The home loans of the future



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Borrowing money to buy your own home could look very different in coming years, predicts a report from the Commonwealth Bank’s Future Home Insights Series.

With the population of Australia predicted to swell to 30 million, and one in five Australians to be over the age of 65, the nation is looking at a housing market that will be under greater and more diverse pressures.

Michael Workman, Senior Economist at the Commonwealth Bank said that these factors and other economic and cultural trends will significantly influence the housing market as we know it. 

“Whether you are looking to buy your first home, or make a new investment purchase, understanding future market trends can help you make a more informed decision about where, what and when to buy,” said Workman.

Given that these factors will all affect who can afford their own home and how they can do it, the Commonwealth Bank has predicted eight new home ownership trends that are likely to emerge in the future or continue a rise in popularity.

Collaborative buying

Under a collaborative buying scheme, co-housers would buy or rent a small dwelling inside a larger development and share some communal areas with other residents. These developments would be efficient in their use of space and resources, reducing the overall environmental impact of each inhabitant.

Group loans

Group loans are already a popular way for buyers who are unable to borrow enough for a home by themselves to get into the property market. By partnering with a trusted family member or sibling, individuals can increase their borrowing power and share the burden of repayments to get into their own home.

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Communities in common

With the average size of the Australian home set to continue shrinking, the report predicts that Australians will live in smaller dwellings and share more common spaces with like-minded individuals in their area.

Joint-ventures and syndicates

New development being made. Shows backs of houses and dirt area where a road or more houses will go.

With the price of owning a home as an individual becoming further out of reach in the future, groups pooling funds to buy into the property market is likely to become more popular. This could include group development models where land is purchased as a group and several homes are commissioned to be built in the area, reducing and sharing the cost of the venture.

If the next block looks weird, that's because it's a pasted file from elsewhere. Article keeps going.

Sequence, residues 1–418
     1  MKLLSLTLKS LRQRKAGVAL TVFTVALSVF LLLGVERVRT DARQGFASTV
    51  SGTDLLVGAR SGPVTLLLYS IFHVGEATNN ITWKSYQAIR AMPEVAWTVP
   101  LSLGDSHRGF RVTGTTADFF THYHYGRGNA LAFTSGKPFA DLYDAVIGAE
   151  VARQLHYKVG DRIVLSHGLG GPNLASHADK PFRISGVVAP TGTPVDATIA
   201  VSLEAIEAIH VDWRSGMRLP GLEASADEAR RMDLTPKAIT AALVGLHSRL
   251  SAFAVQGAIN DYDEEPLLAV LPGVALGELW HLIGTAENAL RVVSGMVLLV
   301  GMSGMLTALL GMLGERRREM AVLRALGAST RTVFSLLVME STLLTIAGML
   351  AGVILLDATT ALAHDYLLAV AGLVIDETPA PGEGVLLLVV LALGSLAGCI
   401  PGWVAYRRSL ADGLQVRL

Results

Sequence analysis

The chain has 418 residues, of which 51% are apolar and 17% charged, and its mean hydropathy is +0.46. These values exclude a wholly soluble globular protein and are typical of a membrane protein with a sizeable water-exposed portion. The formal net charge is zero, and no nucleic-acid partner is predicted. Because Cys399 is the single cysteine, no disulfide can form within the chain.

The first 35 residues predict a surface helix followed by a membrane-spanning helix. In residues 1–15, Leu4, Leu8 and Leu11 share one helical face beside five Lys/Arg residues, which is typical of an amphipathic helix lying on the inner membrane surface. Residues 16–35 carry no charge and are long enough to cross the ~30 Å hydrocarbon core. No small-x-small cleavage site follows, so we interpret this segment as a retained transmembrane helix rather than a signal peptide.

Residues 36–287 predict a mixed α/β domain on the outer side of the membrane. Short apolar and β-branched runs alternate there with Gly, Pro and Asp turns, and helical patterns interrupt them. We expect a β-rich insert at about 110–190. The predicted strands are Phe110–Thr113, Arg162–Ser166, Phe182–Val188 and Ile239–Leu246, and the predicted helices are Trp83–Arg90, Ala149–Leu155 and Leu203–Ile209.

Guarantor loans

Already the go-to option for many Australians whose parents are able to help them secure a loan, the rise of the guarantor loan is set to continue in future. While it does involve risks for the person whose property the loan is secured against, the report suggests that it will continue to be a popular way for the younger generation to get into their own home.

Crowd housing

Crowd housing is an online trend where buyers, property developers and architects connect in real time to discuss the types of property they would like to be built. This interaction could prove invaluable to developers, who want to make sure their new developments will sell, and buyers who have a specific vision for the type of property they wish to own.

Staircasing

Modelled on a scheme run by the UK government, the report predicts that Australia could see its own version of staircasing implemented in the future. Staircasing is a shared ownership scheme that involves a buyer purchasing up to 25 per cent of the value of a property and then slowly paying the remaining value off. It is seen as a potential way to assist home buyers but has left some people sceptical as to how it could work in cities such as Sydney and Melbourne – where first home buyers would be hard pressed to come up with 25 per cent of the average home’s value.

Guesthousing

stunning spare berdoom in modern australian mansion

Finally, the report predicts the continuing monetisation of spare bedrooms and couches through the sharing economy. Sites such as AirBnb help owners to promote their properties as short term rentals to release the value of these spare living spaces.  

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